Spending prolonged periods of time under dim light conditions regularly can have an adverse impact on the brain’s capacity to remember, as well as learn new things. This is because spending too much time in dimly lit rooms can change the structure of the brain. This study was funded by the National Institutes of Health and was published in the journal Hippocampus.
In this study, scientists studied the effect of dim light on the brains of Nile grass rats. These rats were used in the experiments because they are diurnal creatures – meaning that they stay awake during the day and sleep at night. These rats were exposed to dim and bright lights for 4 weeks.
The rats which were exposed to dim lights showed a 30% decrease in the capacity of the hippocampus, which is the region of the brain used for memory and learning. Moreover, when tested to perform a task they were trained to do previously, these rats didn’t perform well. The other group of rats which was exposed to bright lights was able to perform better.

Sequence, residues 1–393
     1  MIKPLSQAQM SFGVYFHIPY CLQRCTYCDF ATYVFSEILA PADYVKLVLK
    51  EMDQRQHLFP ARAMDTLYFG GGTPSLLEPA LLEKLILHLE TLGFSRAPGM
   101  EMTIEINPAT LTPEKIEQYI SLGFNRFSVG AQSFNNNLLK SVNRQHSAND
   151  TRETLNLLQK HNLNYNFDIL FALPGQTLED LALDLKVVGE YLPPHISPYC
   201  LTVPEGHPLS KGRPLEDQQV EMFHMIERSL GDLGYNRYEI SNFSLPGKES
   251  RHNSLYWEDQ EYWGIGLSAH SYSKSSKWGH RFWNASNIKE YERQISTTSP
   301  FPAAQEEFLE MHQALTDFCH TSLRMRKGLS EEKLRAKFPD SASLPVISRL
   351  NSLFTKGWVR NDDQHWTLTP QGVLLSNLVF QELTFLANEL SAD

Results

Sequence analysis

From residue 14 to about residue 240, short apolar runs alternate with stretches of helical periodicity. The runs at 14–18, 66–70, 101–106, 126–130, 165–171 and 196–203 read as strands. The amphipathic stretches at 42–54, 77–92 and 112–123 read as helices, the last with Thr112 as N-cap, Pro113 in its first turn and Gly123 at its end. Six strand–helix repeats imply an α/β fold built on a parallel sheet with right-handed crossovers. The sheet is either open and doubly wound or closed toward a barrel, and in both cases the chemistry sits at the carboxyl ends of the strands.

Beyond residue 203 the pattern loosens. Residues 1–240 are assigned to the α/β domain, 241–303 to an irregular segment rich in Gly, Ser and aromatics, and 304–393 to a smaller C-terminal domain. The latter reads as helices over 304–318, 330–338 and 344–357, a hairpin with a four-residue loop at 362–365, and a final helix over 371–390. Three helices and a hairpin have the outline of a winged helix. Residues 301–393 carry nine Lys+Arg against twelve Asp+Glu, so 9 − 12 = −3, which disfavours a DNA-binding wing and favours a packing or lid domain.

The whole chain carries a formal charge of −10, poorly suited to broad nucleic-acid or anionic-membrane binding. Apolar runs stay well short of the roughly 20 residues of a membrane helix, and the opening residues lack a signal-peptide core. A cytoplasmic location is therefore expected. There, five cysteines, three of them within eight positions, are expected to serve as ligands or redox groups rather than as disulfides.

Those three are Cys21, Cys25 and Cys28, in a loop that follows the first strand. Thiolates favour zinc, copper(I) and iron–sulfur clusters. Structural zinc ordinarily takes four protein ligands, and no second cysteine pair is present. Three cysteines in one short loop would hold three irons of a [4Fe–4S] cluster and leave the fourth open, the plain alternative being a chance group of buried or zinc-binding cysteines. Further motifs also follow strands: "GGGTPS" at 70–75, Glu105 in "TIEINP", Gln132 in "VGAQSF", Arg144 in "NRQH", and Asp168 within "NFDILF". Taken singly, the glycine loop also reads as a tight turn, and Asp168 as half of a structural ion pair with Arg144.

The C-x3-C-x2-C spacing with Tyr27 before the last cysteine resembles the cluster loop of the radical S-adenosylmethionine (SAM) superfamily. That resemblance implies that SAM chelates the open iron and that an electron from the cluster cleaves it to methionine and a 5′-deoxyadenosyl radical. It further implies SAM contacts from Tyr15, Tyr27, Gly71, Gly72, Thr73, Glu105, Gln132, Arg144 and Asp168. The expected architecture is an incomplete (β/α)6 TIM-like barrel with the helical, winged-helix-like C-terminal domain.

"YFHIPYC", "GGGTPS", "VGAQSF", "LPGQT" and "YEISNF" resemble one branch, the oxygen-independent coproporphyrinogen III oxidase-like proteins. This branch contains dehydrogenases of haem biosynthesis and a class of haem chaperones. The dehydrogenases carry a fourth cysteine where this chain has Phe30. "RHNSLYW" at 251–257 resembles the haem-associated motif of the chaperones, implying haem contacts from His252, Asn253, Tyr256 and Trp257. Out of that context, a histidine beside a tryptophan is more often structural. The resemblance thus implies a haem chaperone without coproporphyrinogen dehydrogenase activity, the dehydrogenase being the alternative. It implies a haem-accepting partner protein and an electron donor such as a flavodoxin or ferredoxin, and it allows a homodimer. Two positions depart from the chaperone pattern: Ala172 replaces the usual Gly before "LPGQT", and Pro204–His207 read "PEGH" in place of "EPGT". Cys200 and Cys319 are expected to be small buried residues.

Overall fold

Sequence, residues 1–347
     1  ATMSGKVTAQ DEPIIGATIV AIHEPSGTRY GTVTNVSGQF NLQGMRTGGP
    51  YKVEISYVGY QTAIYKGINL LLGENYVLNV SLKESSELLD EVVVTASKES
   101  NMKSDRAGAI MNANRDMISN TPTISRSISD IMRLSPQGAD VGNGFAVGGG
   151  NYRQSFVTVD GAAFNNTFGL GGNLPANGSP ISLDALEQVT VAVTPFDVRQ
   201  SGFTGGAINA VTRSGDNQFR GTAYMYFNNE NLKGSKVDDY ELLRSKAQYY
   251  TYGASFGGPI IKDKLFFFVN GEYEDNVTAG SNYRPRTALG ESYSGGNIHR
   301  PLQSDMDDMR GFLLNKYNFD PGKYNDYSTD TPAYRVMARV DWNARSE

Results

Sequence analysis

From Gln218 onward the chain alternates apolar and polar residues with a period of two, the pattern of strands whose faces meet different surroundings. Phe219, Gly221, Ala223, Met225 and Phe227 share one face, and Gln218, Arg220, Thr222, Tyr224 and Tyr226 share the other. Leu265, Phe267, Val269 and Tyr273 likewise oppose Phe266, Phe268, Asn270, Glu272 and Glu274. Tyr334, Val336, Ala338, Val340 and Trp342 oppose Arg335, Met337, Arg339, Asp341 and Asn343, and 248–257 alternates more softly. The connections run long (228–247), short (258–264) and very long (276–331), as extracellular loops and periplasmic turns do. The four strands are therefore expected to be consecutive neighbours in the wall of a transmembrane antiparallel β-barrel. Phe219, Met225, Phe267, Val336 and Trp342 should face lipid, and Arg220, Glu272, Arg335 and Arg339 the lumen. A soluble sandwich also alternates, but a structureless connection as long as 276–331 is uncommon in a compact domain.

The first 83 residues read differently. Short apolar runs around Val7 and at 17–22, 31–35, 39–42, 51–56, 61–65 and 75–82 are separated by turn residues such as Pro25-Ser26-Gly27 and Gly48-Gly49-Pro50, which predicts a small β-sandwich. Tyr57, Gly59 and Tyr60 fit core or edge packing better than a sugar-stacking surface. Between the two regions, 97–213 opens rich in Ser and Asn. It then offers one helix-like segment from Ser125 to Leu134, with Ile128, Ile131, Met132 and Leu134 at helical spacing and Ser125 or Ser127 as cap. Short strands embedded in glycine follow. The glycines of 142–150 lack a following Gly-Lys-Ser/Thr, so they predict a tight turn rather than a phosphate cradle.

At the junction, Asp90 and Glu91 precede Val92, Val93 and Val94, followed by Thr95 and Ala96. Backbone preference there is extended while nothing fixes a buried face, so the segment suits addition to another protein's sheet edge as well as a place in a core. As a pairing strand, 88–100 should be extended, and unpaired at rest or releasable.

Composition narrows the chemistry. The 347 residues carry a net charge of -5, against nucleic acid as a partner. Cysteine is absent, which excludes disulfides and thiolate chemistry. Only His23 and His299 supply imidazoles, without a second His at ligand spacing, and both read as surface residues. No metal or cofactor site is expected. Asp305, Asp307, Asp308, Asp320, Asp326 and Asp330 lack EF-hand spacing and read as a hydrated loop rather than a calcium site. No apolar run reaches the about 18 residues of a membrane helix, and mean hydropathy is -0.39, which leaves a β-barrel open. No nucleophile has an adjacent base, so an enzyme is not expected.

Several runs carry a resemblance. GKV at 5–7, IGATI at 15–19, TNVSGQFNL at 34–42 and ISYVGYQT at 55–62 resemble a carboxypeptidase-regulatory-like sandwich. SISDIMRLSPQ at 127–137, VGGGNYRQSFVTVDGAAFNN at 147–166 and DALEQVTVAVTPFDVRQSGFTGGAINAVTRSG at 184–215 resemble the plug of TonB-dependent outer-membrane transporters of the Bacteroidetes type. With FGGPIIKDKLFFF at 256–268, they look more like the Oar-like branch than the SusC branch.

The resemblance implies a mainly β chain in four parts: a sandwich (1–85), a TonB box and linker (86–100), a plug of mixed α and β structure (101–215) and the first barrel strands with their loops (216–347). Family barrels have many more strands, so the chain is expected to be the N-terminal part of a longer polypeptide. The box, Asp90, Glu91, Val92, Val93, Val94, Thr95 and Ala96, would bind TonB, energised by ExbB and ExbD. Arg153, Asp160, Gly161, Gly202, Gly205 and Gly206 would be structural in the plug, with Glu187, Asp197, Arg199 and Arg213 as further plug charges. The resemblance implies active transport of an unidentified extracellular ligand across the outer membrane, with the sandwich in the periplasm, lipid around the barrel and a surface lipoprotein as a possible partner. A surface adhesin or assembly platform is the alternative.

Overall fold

However, when the first group of rats which was earlier exposed to dim lights was then exposed to bright lights for some time, they were finally able to do the tasks correctly. “When we exposed the rats to dim light, mimicking the cloudy days of Midwestern winters or typical indoor lighting, the animals showed impairments in spatial learning,” said Antonio “Tony” Nunez, psychology professor and co-investigator on the study. “This is similar to when people can’t find their way back to their cars in a busy parking lot after spending a few hours in a shopping mall or movie theater.”
This is the first such study which shows the environmental light has the capacity to influence structural changes in the brain. More research is needed in this sector because a research has indicated that Americans spend about 90% of their time indoors – and better lighting conditions are needed to ensure no adverse effect on the brain.